Reserve Division opens doors for youngsters

Expanded rosters and the return of the Reserve Division represent positive steps in the develop

FOXBOROUGH, Mass. – While the current Collective Bargaining Agreement between Major League Soccer and the MLS Players Union was agreed upon in principle last March, the lasting effects of the five-year pact have only truly come into focus recently.

The newly-minted Re-Entry Process garnered considerable attention in December as out-of-contract veterans were provided a mechanism to move within the league for the first time, representing a significant step in player freedom.

While the Re-Entry Process represents one of the major benefits of the new CBA for the league’s veterans, two features of the agreement will greatly benefit MLS’ younger players as the 2011 season gets underway. After a two-year hiatus, the league’s Reserve Division returns for the upcoming season with a 10-game schedule designed to provide playing opportunities for players not seeing regular first-team action. In conjunction, roster sizes have been expanded to allow clubs to carry up to 30 players, a significant increase from last year’s limit of 24.

For those SuperDraft and Supplemental Draft picks who’ll spend preseason fighting for a roster spot and the regular season battling for playing time, both changes provide a tremendous opportunity.

“It’s huge,” said Ryan Kinne, a 21-year-old New England native who was taken in the third round (42nd overall) of the SuperDraft by the Revolution. “It opens a lot of spots for everyone on every team in the league. It’s a great chance if you’re not in the starting [lineup] to still get some game time.”

“It’s an unbelievable opportunity,” added fellow third-round (39th overall) SuperDraft selection Steven Perry, a 22-year-old forward from Notre Dame. “To get 10 games in during the season as opposed to none, it’s a great chance to [maintain] game fitness.”

Primary amongst the benefits of the Reserve Division is the chance for young players to further their development in game situations as opposed to just training. Such circumstances helped pave the way for Chris Tierney, who was part of the last rookie class with the advantage of the Reserve Division in 2008. Tierney saw the field in only six league games as a rookie, but an additional eight appearances with the reserves helped spur his growth.

“There’s nothing that can simulate game situations except for actually being in one,” said Tierney. “There are a lot of quality players who play in the reserve games. The level was good my first year and it definitely helped me along in preparing for when I did get that chance to go in and play with the first team.”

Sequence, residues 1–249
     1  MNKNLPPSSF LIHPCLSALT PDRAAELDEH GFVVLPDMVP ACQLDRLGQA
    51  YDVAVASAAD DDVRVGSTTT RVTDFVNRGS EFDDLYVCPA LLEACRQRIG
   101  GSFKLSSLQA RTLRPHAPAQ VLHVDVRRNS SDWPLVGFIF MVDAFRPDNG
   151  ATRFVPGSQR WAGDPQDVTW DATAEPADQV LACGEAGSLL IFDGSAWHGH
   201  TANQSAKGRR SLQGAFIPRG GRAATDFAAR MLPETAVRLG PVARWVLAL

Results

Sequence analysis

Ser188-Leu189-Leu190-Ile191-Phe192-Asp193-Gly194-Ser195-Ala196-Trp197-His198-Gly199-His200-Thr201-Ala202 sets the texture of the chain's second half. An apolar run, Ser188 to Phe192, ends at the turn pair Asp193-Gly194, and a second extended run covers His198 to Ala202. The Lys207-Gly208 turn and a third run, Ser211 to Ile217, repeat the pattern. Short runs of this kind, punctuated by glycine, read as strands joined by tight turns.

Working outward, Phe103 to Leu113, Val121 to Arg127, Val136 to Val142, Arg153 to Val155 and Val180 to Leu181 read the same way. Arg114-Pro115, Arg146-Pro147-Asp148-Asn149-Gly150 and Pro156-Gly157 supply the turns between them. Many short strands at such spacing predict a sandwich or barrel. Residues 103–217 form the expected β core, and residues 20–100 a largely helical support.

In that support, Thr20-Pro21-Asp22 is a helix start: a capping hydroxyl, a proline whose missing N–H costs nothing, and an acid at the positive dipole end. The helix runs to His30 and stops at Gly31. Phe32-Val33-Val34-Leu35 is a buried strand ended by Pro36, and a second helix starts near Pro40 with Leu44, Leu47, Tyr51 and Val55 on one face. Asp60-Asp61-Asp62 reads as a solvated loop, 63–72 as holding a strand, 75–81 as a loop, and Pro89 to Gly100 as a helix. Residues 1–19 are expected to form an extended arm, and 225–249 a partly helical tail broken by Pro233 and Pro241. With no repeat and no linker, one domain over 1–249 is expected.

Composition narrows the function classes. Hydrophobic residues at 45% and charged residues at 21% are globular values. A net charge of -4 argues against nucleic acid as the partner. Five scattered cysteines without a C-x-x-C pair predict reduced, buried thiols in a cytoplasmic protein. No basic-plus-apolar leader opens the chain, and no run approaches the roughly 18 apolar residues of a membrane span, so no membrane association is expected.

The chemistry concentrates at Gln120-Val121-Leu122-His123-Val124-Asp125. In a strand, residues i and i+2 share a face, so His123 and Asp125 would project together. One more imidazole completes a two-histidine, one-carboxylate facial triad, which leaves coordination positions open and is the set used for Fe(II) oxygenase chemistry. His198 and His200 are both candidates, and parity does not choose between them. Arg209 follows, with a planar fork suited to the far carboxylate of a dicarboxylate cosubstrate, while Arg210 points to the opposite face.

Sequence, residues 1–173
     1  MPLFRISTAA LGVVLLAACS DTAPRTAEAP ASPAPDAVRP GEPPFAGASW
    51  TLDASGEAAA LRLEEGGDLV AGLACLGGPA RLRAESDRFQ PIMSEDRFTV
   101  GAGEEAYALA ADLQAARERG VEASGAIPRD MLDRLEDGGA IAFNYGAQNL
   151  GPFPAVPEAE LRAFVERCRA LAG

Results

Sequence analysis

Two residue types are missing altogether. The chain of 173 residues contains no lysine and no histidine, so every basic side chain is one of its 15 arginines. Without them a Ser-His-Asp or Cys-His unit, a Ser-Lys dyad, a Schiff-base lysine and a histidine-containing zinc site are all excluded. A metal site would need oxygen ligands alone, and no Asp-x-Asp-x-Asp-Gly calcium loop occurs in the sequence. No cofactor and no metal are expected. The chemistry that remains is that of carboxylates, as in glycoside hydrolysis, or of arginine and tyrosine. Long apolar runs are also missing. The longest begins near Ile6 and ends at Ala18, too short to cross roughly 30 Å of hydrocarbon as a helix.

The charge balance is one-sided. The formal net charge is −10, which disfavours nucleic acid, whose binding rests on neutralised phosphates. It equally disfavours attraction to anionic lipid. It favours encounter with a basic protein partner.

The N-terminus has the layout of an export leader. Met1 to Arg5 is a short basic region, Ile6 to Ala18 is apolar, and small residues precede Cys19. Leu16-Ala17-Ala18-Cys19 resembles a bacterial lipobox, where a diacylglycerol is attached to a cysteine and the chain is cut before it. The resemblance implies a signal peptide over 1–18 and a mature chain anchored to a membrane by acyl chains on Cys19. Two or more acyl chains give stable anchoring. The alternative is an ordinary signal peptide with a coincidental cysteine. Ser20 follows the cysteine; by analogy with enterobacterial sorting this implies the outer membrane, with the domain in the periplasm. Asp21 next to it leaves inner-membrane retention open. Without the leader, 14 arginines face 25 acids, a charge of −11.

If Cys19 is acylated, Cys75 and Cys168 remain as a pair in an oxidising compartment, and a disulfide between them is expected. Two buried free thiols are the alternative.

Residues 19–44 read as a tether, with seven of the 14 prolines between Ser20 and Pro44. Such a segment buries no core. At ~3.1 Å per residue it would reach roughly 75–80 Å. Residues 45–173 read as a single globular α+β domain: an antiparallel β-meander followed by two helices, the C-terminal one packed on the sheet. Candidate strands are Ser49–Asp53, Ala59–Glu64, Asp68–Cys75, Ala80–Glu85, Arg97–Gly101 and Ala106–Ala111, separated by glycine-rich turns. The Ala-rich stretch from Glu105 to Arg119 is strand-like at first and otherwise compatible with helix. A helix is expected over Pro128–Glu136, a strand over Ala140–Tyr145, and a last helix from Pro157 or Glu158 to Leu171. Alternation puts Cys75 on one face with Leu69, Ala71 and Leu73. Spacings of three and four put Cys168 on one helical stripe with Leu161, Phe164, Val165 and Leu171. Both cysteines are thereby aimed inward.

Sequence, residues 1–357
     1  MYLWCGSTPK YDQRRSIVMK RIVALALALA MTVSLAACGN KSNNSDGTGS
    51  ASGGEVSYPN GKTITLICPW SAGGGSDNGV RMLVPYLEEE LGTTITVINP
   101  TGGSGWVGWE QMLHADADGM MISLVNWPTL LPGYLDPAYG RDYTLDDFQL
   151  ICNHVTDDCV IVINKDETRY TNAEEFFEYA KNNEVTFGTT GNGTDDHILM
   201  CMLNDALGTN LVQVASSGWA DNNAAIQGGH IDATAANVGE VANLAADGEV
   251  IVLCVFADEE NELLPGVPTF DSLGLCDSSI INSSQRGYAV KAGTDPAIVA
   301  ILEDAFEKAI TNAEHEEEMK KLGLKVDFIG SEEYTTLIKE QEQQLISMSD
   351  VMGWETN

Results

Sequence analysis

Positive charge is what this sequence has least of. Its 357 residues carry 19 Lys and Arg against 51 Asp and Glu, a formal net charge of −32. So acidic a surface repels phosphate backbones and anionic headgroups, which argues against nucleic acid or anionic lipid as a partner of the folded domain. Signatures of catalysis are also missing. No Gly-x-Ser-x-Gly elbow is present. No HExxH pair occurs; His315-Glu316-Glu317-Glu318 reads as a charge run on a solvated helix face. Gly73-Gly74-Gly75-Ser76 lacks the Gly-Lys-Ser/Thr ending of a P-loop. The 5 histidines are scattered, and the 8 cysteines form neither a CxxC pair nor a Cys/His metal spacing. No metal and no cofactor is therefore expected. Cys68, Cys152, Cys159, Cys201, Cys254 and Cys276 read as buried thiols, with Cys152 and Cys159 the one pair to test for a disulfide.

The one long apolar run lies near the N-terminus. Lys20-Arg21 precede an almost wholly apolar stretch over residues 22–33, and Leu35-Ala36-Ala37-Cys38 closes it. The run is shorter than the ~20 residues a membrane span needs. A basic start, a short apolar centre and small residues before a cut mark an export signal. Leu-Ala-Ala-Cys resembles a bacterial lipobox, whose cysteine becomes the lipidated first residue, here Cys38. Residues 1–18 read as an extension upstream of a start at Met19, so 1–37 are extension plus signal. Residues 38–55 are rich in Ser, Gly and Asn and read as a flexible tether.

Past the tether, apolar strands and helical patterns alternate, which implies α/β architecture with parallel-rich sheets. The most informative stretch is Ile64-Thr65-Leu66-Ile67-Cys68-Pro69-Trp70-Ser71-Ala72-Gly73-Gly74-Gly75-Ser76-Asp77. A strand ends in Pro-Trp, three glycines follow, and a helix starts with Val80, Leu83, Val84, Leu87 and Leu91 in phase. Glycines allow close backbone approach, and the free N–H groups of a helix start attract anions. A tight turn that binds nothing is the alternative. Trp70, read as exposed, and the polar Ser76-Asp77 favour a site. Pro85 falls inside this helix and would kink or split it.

Although he’s yet to experience a reserve league game, Kinne provided some insight into the differences between training and game situations.

“You [rarely] get a chance to open it up and play 11-v-11, full-field in training,” he said. “It’s mostly small-sided on a shorter field. An 11-v-11 reserve league lets you open up, get a real game feel and play against good competition from other teams. It’s a live game and that’s the best.”

Beyond development, reserve games also provide younger players with a chance to state their case for increased minutes with the first team. While consistently impressive performances in training may offer a convincing argument, nothing garners attention like production in a game situation.

“If the coach sees you scoring two goals a game in reserve matches, he’s going to give you a serious look,” said Perry. “A lot of guys score in practice, but if you start translating it into the game, then maybe you can translate it to the next level in the first-team games.”

While the benefits of the Reserve Division are obvious with regards to younger players still shaping their game and fringe first-team players fighting for minutes, the positive effects of its return – along with expanded roster sizes – extend to the first team, as well.

One advantage pertains to regular first-team players looking to regain match fitness while recovering from injury. Rather than spend their first two or three games back struggling to find their legs over 90 minutes, first teamers can now work on conditioning in reserve games before returning to league action.

The benefit of the expanded roster size is just as critical. With only 24 players on their roster in 2010, the Revs were often decimated by injury and managed to dress a full game-day roster of 18 players in just 50 percent (15/30) of their regular-season games. With a roster potentially six players deeper in 2011, the inability to dress 18 players on game day should be a thing of the past.

Still, the primary focus of the Reserve Division will undoubtedly be the progression of younger players.

“The most important thing for young players in the league is just getting games,” said Tierney. “The reserve league coming back obviously provides that opportunity. I think it can only be a good thing for the development of young players.”